By now, I’ll bet that most Thrift Savings Plan investors have figured out that actively trading TSP funds, either for short-term profits or to avoid short-term losses, is an unreliable way to fund their retirement standard of living. But if speculating on short-term moves in share prices is the wrong way to try to build wealth, then what is the right way?
Buy and hold? There is no shortage of advocates for the proposition that simply buying quality investments and then holding them indefinitely will lead to superior investment results.
I’m sorry to say it’s not that easy. For starters, the research, analysis and logic behind this advocacy uniformly ignores individual circumstances and goals, and instead focuses on long-term average rates of return absent the effects of things such as cash flows into and out of the portfolio. Like any one-size-fits-all investing solution, buy and hold is unlikely, or at least not the most likely way, to maximize your retirement income stream.
The problem with blindly buying and holding any mix of TSP funds is that this approach tends to ignore your circumstances and how they will change through time. What may start out as a reasonable mix of funds, or asset allocation, for your age, current wealth and package of financial goals – retirement point, savings contributions, spending and terminal wealth – will certainly change as the value of each of the funds changes relative to the others. Your optimal asset allocation may also change as your wealth, age, and goals change through time.
In other words, a buy-and-hold investment strategy, even if appropriate when implemented, will almost certainly become inappropriate at some point in the future. Rather than helping you to achieve your goals, an aging buy-and-hold strategy will likely wind up working against you. The right asset allocation today may be the wrong asset allocation tomorrow.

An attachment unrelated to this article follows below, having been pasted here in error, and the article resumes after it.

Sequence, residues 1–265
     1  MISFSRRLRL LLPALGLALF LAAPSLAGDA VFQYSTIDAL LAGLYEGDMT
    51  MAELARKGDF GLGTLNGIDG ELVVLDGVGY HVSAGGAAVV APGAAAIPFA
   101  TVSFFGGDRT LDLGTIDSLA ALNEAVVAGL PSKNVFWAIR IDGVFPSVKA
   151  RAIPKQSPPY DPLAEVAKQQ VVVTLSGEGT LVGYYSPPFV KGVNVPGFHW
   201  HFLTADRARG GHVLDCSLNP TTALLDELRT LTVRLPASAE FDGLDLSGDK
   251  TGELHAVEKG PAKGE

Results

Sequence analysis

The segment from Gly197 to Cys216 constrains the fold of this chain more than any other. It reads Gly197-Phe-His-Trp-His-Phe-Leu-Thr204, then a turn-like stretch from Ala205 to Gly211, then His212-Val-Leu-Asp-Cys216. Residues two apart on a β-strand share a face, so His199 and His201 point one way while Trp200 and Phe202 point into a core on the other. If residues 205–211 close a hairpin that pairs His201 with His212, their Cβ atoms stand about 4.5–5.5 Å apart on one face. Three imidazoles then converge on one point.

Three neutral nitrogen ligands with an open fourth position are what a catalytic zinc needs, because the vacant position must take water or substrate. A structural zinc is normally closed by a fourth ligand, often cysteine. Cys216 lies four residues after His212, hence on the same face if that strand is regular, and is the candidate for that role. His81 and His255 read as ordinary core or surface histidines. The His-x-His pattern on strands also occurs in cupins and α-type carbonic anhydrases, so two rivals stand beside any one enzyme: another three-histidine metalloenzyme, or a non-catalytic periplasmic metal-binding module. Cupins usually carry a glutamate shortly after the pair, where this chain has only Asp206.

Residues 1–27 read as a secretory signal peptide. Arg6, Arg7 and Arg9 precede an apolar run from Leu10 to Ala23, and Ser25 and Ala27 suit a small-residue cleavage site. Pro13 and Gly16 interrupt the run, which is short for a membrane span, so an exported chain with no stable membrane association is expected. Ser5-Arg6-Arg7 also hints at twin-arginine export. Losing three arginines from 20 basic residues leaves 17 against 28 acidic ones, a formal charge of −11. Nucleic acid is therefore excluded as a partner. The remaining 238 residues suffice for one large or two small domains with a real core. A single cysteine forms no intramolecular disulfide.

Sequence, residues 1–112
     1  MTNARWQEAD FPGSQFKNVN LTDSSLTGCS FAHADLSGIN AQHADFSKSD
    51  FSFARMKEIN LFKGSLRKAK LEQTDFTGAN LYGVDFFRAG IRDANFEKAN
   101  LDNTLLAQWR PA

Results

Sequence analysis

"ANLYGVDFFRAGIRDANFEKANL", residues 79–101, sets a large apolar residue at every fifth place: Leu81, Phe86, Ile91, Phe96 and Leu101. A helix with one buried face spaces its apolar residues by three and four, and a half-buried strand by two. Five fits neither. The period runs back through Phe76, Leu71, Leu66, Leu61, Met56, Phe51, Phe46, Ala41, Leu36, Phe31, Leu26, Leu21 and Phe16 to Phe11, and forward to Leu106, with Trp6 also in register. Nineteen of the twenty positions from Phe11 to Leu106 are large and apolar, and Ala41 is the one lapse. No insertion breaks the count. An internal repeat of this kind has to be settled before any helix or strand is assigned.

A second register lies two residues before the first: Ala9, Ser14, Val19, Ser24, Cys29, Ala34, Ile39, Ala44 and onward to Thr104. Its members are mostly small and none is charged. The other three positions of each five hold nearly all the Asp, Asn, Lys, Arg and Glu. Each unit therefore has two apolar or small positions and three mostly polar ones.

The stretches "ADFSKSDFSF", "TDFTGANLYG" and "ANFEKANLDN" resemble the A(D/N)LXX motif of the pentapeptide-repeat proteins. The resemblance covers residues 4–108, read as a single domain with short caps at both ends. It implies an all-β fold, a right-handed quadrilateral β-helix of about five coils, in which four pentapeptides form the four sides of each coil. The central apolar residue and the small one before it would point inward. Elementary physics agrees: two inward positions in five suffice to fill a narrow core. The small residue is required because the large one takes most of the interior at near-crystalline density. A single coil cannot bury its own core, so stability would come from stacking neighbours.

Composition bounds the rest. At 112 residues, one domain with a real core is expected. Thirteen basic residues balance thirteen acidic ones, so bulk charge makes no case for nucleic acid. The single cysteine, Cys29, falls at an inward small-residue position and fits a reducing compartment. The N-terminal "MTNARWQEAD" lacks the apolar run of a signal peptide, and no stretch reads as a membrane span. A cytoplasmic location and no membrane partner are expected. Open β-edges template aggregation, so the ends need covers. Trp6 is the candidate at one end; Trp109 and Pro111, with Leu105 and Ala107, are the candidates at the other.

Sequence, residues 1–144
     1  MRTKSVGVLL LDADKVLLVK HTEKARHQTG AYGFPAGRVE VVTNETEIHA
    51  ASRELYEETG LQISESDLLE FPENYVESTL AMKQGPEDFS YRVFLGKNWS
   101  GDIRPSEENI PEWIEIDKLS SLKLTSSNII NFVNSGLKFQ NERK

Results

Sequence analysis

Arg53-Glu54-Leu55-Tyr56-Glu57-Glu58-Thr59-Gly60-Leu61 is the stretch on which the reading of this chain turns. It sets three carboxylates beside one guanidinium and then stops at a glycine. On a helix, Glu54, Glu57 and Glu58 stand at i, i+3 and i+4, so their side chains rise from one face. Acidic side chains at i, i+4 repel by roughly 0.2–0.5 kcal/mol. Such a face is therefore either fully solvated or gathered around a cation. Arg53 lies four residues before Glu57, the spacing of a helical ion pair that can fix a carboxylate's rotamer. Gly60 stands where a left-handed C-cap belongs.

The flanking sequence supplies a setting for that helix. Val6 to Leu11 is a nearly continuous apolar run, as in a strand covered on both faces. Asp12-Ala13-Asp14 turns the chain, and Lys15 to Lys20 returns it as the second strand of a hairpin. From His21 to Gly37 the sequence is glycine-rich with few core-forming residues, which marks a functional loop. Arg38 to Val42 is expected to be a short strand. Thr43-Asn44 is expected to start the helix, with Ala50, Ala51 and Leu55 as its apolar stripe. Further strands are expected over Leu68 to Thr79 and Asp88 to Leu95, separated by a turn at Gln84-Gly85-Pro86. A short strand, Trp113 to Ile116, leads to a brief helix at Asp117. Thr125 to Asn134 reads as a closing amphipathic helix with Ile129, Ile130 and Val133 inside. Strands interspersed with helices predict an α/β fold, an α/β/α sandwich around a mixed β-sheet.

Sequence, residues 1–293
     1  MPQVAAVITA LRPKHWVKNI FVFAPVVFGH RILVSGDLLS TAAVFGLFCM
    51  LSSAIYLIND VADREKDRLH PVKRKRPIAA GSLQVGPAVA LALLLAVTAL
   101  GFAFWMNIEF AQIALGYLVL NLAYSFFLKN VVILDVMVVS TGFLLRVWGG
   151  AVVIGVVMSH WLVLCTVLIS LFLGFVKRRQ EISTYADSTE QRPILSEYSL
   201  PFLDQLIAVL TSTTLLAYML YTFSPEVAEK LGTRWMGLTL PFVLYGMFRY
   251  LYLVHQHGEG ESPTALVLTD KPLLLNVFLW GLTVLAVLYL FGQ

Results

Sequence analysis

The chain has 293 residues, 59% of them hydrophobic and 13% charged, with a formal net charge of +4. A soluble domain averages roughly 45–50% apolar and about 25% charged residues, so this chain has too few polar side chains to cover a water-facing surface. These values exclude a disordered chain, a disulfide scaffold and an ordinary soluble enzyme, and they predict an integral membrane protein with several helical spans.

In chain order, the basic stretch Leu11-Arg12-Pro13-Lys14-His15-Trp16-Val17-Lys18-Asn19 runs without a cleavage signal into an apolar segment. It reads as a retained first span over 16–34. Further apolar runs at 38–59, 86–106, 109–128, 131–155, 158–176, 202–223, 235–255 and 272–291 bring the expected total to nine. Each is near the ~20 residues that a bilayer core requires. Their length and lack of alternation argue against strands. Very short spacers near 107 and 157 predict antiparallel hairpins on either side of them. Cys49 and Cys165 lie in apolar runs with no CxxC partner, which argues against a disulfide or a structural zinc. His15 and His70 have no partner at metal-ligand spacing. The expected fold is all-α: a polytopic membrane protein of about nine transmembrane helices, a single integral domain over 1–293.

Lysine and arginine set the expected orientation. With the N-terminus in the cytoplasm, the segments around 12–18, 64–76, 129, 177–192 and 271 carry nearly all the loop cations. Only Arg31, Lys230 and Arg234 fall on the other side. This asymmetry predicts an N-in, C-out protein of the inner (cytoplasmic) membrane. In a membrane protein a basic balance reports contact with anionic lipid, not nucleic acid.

If you want to maximize your income in retirement, carefully managing your TSP account is essential. Every mistake costs you money – money that you could have been part of your income. Spending lots of time invested in the wrong asset allocation scheme is a potentially serious mistake to be avoided.
An overly aggressive – that is, volatile – investment strategy subjects you to the risk that downward swings in your portfolio’s value could coincide with withdrawals in a way that permanently reduces your income stream. An overly conservative strategy may lull you into a feeling of security as it shields you from losses, but it will not produce the growth needed to support your goals in the long run. You’ll fail to realize
that you’re in trouble until it’s too late.
The right way to manage your TSP account is to do exactly that: Manage it – and manage it actively according to your objectives.
Active investment management has gotten a bad reputation because of the way it has been defined. When people talk about active investment management, they are nearly always referring to the practice of speculatively buying and selling securities in order to beat a certain benchmark. In practice, this means trading in selected components of a market to try to outperform that market – a hard thing to do and counterproductive to maximizing retirement income streams.
The kind of active management I’m recommending involves periodically identifying the right asset allocation for your situation and then implementing it. Periodically assess your investment resources, goals and personal circumstances, select a reasonable asset allocation to meet your needs with a minimum of risk, and then rebalance your account to this allocation.
Do this at least once per year, but no more than four times per year, and it’s virtually impossible for your retirement plan to fail.
Even if your allocation remains the same, rebalancing your account to the target allocation is a critical risk management tactic.
There are many sources of investment risk. Like speculative trading, ignoring your TSP account is risking catastrophic failure in the end.
Only by prudently and actively managing your TSP account, can you be confident in achieving your retirement goals.
Written by Mike Miles
For the Federal Times
Publication November 8, 2010